Harry Potter Fans Will Enjoy the Magic of Bury St Edmunds and Beyond!

Check out our guide to a magical stay in Bury St Edmunds and Beyond!

Bury St Edmunds and surrounding area has magic, myth and legends galore.

Lavenham is the Big Screen Birthplace of Harry Potter 

With its Tudor houses, crooked, half-timbered cottages, it’s easy to understand why the streets of Lavenham, just 20 minutes from Bury St Edmunds, were used as Harry Potter's birthplace on the big screen!

The streets of Lavenham were used as a background for the scenes in the village of Godric’s Hollow in the film Harry Potter and the Deathly Hallows Part 1.

Sadly the actors shot separately in a studio and were then superimposed onto the background where the Lavenham buildings had their appearance altered using CGI (Computer-Generated Imagery).

Harry Potter and the Deathly Hallows Part 1 is the film version of the first part of J. K. Rowling’s seventh and final Harry Potter novel, and filming in Lavenham took place in secret in January 2010. 

Lavenham Guildhall (below) was transformed into Harry Potter’s parents’ derelict house and in the film, Harry visits his parents’ graves and their house in Godric’s Hollow. 

There was a plan to introduce fake snow but luckily for the filmmakers, they didn’t need to bother faking it, as it snowed anyway! 

When it's not appearing in the movies, Lavenham Guildhall, which is owned by the National Trust, and open to the public.  Discover some wonderful stories from their character connections and fascinating facts on your journey through the Guildhall's history. 

De Vere house in Water Street (below) also appears in the film as Harry Potter's birthplace. As with most films, different edits are released for the cinema, Blu-ray, DVD and television and the house can be seen most prominently in the cinema release.

Although Daniel Radcliffe, Rupert Grint and Emma Watson did not visit Lavenham during filming, but Ralph Fiennes, who played Lord Voldemort, was born in Suffolk.

Lavenham and particularly the Guildhall, have appeared in a number of films over the years. Coincidentally, the 1968 film “The Witchfinder General” had a gruesome witch burning scene in Lavenham Market Place, directly in front of the Guildhall! 

The Lavenham Tour Guides can show you which buildings were used in the filming. Visit for more information.

See a Real Elder Wand at Moyse's Hall Museum

Want to see real Elder Wand?

Then Moyse's Hall Museum in Bury St Edmunds is the place to go. The museum owns a collection of witchcraft artefacts which includes a rare 17th century Elder Wand which in the Harry Potter books  was considered the most powerful wand of all and one of three objects that make up the fabled Deathly Hallows.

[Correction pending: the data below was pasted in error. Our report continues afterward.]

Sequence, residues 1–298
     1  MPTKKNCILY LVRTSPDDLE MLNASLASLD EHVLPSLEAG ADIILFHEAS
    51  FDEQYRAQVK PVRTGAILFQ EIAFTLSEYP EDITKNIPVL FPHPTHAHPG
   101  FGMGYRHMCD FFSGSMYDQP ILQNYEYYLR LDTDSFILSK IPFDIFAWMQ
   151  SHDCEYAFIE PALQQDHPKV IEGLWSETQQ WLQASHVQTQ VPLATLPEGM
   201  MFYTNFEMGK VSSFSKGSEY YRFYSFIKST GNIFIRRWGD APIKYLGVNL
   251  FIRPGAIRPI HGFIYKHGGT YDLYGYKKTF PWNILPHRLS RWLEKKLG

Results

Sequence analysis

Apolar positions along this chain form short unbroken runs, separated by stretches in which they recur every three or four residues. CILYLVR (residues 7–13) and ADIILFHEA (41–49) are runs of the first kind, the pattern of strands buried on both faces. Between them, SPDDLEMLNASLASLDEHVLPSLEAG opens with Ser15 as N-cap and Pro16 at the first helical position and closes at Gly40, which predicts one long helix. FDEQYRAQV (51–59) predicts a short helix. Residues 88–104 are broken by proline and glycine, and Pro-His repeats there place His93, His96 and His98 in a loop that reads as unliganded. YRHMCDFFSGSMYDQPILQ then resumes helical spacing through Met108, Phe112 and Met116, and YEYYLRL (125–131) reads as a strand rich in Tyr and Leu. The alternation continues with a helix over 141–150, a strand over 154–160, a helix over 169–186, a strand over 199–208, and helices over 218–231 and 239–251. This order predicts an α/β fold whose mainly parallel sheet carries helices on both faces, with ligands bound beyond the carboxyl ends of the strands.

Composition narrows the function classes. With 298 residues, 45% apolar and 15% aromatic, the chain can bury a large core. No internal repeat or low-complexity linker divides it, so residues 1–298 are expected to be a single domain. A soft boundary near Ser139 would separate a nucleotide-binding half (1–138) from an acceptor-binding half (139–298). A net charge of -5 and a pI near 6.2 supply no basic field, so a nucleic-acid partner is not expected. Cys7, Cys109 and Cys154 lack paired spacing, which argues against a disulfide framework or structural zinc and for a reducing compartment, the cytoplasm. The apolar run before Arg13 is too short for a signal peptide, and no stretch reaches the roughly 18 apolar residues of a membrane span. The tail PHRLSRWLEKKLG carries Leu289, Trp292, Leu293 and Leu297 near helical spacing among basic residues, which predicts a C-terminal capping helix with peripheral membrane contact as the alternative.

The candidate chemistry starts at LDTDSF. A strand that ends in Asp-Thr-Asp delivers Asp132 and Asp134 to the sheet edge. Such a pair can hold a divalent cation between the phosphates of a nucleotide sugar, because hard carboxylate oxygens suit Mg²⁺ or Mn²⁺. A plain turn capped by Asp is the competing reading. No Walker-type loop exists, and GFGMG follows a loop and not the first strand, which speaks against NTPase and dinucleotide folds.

It is said to be able to perform feats of magic that would normally be impossible even for the most skilled wizards, such as mending another wand damaged beyond normal magical repair.

There's also a witch’s puppet, along with mummified cats, child and adult shoes, which were bricked up in the walls of Suffolk properties to keep witches away! Gruesome!

If you enjoy gruesome tales then Moyse's Hall Museum is a must with its 'Terrible Tales' theme and stories written by Horrible Histories Author Terry Deary. Terry brings to life some of Bury St Edmunds more gruesome tales, especially for children. plus there are some great hands on exhibits. Step into a gibbet cage, hold a real Norman sword and try out a ball and chain for size!

Dragons at West Stow

If you love dragons you'll love the annual Dragon Festival.

For one weekend every year in June, West Stow Anglo Saxon Village celebrates all things dragons at the annual Dragon Festival!

This popular family event has an array of Dragon themed performances and activities including walk about characters, puppet theatre, combat skill training, music and crafts to entertain the crowds.

All year round, you can visit West Stow Country Park, next to West Stow Anglo Saxon Village. A magical park surrounded by woodland. There you will find the Beowulf and Grendel adventure trail.

Beowulf is the oldest surviving long poem and one of the most important works of Old English literature.

The trail is based on the poem and features six sculptures inspired by the ancient Anglo-Saxon saga as well as the unique area of British countryside, The Brecks, in which it is set.

To find out more about West Stow Country Park and the Dragon Festival visit